Family Finances, Personal Finance, Uncategorized

Spend or Save?

money bagThe age-old question…to spend or save? It’s so hard to save and so easy to spend! But what do you do when you have over-spent yourself into debt? What do you do if you aren’t finance-minded and you aren’t good with numbers? Is there a way to manage your money so that you can be responsible and prepared even though numbers just aren’t your thing? I think the answer is yes! (NOTE: This post may contain affiliate links)

Before we get started, be sure you know that I am not a financial counselor! I am a mom and a wife with twenty+ years experience managing my money. I found something that works for me so I’m sharing it with you. So take a read and see if it sounds like something you’re interested in trying.

Where to start?

save money houseSo, your finances aren’t looking all that pretty and you just want the madness to stop but you don’t know where to begin. First, you have to take inventory. This isn’t pretty and it hurts to put it all down on a piece of paper in front of you. But you have to do it. It’s ugly but it’s necessary. Make a list of all of your necessary expenses. By “necessary” at this point I mean that these are the bills that are due every month. These are all the vendors to whom you owe money:

  • Mortgage or rent
  • Electric, water, cable, phone, etc
  • Credit card(s)
  • Student loan
  • Car payment
  • Insurance, etc

What you owe other people. Get all of this written down on a list…an ugly list- the names and the monthly amounts due.

Now, for the really hard part…you need to look at your bank statement and any credit cards that you actively use over the course of a month and write down your expenses along with the general category those expenses would fall under. So, things like:

  • Groceries
  • Eating out
  • Gasoline
  • Clothing
  • Entertainment, etc.

If you pay a vendor from your first list with one of these accounts, don’t list that expense because you already did earlier. This list is for all the “extra” stuff you pay. The things you buy, the things you enjoy, the things that you eat.

In front of you should be all the things that bleed you dry each month. It’s not pretty, but it’s reality. Now, how do you get control over this?

Assess the damage

debt credit cardsLet’s leave the first list alone for now and look at the second list. There’s lots to talk about here, isn’t there? All that eating out, coffee in the morning, that new pretty dress? None of it’s necessary. Going out for lunch every work day? Nope…not necessary. Beautifully manicured nails? Unless you’re a hand model, nope. It’s not necessary. This list is a great opportunity to change. But you have to really want to do this or it just won’t work. You’ve got to cross out every unnecessary item from this list and only buy things that are planned.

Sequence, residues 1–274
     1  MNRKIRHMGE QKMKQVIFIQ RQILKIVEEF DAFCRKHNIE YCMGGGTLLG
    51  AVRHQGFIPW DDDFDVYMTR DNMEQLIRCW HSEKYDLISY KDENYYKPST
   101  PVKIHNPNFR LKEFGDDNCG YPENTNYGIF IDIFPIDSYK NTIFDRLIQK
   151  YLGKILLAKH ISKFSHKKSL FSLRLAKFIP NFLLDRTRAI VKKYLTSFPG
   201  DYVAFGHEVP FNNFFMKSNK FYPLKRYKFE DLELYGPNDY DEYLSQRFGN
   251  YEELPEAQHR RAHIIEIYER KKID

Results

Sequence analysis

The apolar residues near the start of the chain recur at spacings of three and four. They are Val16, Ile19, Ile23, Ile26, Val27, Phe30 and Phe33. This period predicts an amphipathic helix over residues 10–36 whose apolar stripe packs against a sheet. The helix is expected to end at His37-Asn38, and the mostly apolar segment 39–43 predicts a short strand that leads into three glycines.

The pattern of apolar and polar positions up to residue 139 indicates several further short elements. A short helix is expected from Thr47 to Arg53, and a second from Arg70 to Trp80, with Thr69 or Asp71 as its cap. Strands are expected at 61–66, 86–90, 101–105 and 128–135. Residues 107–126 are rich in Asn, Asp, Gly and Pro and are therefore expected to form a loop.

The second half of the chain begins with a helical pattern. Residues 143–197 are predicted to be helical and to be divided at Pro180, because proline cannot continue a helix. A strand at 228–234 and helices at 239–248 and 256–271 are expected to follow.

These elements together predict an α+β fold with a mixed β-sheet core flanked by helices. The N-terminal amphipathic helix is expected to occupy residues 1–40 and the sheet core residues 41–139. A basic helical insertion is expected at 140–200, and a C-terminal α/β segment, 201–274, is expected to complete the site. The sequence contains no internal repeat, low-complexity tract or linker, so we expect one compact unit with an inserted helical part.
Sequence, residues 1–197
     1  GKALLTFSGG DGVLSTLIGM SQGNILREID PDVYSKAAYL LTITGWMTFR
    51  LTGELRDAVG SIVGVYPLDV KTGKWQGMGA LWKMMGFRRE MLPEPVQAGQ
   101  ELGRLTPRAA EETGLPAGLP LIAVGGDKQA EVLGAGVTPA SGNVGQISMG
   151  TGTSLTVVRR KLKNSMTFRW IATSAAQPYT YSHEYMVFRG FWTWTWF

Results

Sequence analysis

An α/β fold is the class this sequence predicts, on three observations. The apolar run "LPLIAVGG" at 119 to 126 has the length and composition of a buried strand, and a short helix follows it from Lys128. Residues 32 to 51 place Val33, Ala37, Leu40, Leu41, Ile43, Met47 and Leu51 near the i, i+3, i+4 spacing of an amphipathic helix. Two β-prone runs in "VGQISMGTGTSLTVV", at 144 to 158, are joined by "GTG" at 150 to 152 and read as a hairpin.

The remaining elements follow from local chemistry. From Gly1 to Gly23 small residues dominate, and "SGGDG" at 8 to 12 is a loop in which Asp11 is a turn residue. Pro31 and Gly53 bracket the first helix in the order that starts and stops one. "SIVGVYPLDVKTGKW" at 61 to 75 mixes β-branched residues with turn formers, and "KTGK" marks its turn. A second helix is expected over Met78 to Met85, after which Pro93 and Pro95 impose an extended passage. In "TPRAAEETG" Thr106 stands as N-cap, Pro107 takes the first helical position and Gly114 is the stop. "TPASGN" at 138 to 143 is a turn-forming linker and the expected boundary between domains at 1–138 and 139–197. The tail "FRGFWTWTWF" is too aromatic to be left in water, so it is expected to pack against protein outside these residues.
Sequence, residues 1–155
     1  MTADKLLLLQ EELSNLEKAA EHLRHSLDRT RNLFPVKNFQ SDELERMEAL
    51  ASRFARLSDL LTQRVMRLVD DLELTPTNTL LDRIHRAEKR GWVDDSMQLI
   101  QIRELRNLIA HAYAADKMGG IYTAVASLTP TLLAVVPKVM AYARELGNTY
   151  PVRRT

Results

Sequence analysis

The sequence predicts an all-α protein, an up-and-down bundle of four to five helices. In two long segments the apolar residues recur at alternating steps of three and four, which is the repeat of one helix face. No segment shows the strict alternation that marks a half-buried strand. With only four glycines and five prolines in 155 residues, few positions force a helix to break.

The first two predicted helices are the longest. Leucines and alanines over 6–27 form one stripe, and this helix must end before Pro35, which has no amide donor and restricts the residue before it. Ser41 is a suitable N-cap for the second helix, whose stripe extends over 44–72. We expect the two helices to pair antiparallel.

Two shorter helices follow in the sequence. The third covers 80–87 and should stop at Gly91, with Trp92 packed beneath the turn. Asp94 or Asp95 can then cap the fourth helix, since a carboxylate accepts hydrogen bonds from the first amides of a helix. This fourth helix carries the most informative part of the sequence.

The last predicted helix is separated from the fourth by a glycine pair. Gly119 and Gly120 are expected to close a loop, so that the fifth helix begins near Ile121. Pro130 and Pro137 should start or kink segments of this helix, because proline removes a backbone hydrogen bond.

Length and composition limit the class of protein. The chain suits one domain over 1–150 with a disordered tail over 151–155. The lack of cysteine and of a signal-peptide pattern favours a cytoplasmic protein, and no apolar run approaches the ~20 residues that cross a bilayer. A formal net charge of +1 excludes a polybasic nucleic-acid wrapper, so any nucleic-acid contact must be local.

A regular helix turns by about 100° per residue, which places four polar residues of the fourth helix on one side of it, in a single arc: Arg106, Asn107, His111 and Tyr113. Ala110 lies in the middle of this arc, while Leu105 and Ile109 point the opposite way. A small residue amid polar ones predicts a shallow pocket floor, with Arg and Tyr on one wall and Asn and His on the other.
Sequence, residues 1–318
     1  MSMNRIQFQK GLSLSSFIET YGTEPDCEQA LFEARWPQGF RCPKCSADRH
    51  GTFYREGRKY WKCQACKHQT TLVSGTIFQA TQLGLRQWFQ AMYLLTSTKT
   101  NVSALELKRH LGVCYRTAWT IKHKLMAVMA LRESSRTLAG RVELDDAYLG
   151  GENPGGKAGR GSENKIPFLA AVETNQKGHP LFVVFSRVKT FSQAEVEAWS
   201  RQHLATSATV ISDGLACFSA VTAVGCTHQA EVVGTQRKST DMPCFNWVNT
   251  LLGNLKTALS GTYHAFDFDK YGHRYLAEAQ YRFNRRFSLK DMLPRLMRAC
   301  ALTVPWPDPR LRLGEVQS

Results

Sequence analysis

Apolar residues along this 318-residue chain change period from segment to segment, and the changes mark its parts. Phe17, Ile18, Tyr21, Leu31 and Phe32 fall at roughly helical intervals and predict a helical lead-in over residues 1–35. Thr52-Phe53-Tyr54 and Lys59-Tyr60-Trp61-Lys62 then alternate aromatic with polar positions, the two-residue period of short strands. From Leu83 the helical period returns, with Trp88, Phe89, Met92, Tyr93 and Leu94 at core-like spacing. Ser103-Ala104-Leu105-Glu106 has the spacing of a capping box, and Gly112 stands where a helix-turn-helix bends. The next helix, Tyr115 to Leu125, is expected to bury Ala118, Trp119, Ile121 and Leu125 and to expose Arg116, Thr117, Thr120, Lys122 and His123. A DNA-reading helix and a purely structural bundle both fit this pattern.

Now, let’s head back to that first list. This might sting a bit…but bear with me. Cable? You know it’s not necessary, right? Sorry. Your cell phone plan? You don’t need a huge data plan. You really don’t. Your electric bill…you don’t need to keep your house at 70F…you can bump it up to 73F. Really take a look at those mandatory expenses because there’s places to trim.

Like I said, it’s going to be tough but it can be done. We’ve been without cable for close to five years now. We use an Amazon Fire (if you buy it using this link, I’ll get a little payment but don’t worry…your price doesn’t go up. Help me out!) along with a Hulu and a Netflix subscription. Even better, we purchased the Amazon Fire using American Express points we had collected.

We use our American Express card for all budgeted purchases (groceries, gas, etc.) so that we can get the points for those purchases. This card is paid in full every single month so there’s no debt carry-over. (It’s a method that takes a huge amount of discipline and even still, we fall short at times so beware if you are considering using a credit card to carry all of your monthly expenses.)

Search through all of your expenses to find ways to eliminate payments you have to make.You’ll need to make some tough decisions, but once you take the plunge on swapping the expensive comforts in your life with more economical ones you’ll adjust quickly. You’ll probably even feel better about how you are spending your time, too!